For some athletes, the shift from high school athletics to collegiate competition can be tough. But for freshman freestyle swimmer Nilza Costa, the transition has been seamless.
Costa, originally raised in Olho D’agua, Brazil, came to the United States during her freshman year of high school with an established love for swimming.
Falling in love with the sport at an early age, Costa said she started swimming as a reflex to save her own life.
“When I was 2, I actually fell in my pool back in Brazil, and I almost died,” she said. “But then I started swimming.”
Costa said, however, that swimming didn’t come naturally right away.
“I hated it at first, and I was really bad,” she said. “I used to cry, but my grandma supported me even when I was really bad. I remember my first meet was with eight girls, and I came in last.”
But she said this loss helped her swimming career grow. From this eighth-place finish, Costa began to enjoy the sport, and her passion and attitude to compete pushed her to swim competitively.
After swimming for top club teams in Brazil, such as Universidade Santa Cecilia and the Corinthians, Costa brought her talent to the United States mainly because her parents wanted her to receive a high school education in America. However, swimming paved the way for her to come, as she participated in a program in Florida that housed nine international swimmers with a renowned Brazilian coach. She said being around other Brazilian swimmers made her transition to a new country easier.
While in Florida, she swam on her high school team and club teams, which included Azura Florida Aquatics and the Davie Nadadores Swim Team.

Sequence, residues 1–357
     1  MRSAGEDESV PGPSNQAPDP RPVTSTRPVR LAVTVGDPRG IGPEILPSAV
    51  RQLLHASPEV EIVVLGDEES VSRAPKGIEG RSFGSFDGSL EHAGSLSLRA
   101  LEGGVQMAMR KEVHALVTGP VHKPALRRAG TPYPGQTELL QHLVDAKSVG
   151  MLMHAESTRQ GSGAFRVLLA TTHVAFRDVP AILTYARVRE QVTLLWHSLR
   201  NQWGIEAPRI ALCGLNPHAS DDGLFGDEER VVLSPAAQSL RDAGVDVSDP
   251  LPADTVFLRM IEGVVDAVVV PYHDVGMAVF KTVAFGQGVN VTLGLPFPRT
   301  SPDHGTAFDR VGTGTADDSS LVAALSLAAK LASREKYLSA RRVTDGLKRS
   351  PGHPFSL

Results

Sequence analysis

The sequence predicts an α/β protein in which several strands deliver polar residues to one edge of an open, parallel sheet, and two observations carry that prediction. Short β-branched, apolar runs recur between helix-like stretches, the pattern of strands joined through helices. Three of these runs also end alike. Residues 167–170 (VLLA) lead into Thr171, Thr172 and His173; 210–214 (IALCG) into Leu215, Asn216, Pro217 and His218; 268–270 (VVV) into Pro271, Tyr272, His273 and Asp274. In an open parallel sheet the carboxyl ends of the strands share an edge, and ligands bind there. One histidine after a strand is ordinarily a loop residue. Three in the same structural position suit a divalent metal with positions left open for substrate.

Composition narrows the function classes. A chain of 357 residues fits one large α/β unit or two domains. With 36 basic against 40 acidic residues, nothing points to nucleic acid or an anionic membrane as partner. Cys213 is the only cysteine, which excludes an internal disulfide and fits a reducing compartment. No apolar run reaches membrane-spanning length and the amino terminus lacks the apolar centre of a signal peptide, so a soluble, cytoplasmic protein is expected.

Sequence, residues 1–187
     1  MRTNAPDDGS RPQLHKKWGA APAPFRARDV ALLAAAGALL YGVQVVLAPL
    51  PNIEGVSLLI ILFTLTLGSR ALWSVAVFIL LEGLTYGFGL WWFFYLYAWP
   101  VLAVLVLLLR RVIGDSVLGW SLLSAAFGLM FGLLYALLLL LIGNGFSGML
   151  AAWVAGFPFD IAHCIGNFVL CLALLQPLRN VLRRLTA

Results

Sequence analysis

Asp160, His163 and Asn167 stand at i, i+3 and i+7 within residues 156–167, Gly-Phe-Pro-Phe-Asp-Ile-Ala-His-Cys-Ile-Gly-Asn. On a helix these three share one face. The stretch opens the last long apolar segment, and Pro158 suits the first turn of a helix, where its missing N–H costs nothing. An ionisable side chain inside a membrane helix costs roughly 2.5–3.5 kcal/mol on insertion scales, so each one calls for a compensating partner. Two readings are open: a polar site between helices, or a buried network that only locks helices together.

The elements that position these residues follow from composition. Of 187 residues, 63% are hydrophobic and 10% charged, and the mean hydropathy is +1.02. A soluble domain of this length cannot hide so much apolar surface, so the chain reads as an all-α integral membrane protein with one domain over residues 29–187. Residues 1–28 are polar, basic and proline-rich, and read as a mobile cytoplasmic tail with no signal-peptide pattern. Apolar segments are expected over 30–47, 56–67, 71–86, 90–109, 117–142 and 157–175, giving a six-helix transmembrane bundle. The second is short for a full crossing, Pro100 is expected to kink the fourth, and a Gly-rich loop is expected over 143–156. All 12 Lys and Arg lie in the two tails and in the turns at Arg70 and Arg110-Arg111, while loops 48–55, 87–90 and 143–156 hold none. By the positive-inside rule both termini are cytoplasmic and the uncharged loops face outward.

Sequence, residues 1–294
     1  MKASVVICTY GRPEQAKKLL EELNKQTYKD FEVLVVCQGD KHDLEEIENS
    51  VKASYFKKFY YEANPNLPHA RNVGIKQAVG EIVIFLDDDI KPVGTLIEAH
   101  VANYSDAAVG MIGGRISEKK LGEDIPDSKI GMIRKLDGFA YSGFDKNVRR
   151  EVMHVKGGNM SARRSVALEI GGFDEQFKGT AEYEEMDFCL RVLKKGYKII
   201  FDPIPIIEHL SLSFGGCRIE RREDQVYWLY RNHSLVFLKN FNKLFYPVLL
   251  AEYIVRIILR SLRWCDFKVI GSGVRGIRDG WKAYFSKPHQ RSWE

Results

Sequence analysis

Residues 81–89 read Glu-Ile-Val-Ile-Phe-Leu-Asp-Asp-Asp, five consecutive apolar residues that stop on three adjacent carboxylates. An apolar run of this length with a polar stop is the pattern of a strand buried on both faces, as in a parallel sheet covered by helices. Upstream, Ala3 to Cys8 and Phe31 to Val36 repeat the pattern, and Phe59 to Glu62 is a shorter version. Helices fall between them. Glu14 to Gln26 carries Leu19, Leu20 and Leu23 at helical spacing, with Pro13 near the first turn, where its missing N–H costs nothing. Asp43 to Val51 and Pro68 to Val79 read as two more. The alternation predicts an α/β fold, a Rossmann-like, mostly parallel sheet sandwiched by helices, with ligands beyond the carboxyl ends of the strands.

While there, Costa swam for the Sagemont School, a private preparatory school, during her final three years of high school. Earning the role of captain during her senior year, she also received MVP honors as a junior and sophomore as well as a trip to the state championships.
However, Costa said it was not through high school competition, but club swimming that she found more success and that helped her transition more easily to college swimming.
“My club is almost the same as college,” she said. “We would go lifting, have morning practices, doubles and swimming, so my club team helped.”
While she said her transition in the pool was flawless, Costa still works on assimilating with the American culture. She said she has especially had to adjust to the food, which is important for her as an athlete.
“The food [in Brazil] is way better for me because here, I have to control what I’m eating and how much I’m eating it,” she said.
The blizzardy Ithaca weather is also one of the more dramatic changes Costa said she has seen since her move to the States. Coming from a section of eastern Brazil that peaks at about 90–100 degrees year-round, Costa said the weather is one of the major differences between the countries.
As for aquatics, the transition to swimming in the U.S. continues to occur as she adapts to new competition, practices, teammates and coaches.
Costa said practices and competition are still an ongoing transition. Coming from Brazil, she said practices are very team-orientated, and instructions from a head coach are essential to the practice. But in the U.S., practices are very individually based, without so much reliance on a head coach’s instructions.
As for coaches and teammates, she said she is becoming more comfortable with her U.S. surroundings.
“When I was back in Brazil, my first club coach was Brazilian and my second was Italian,” she said. “But here was my first time having an American coach and American friends, and it’s different, but I love it.”
Costa said she has grown close to her teammates, especially the upperclassmen who have guided her in the pool and beyond.
Senior teammate Kylie Bangs said Costa brings an outstanding work ethic to the team.
“She makes everything a lot easier,” Bangs said. “We’ll be doing a hard set, but you know she’s going to work hard, and you want to be next to her because she’ll make you work hard, too.”
In addition to her swimming abilities, senior freestyle swimmer Mariel Kunnapas said Costa brings humor and personality to the team as well.
“Every time I look at her, I just laugh,” she said. “Every time she says something, it’s funny. She’s a great teammate.”
She’s also developed a great relationship with her head coach Paula Miller, who said she is a complete package as an athlete and a teammate.
“Nilza brings everything to the team,” she said. “Attitude, humor, good work ethic, obviously talent. She’s really fun to have around and is a great person as well.”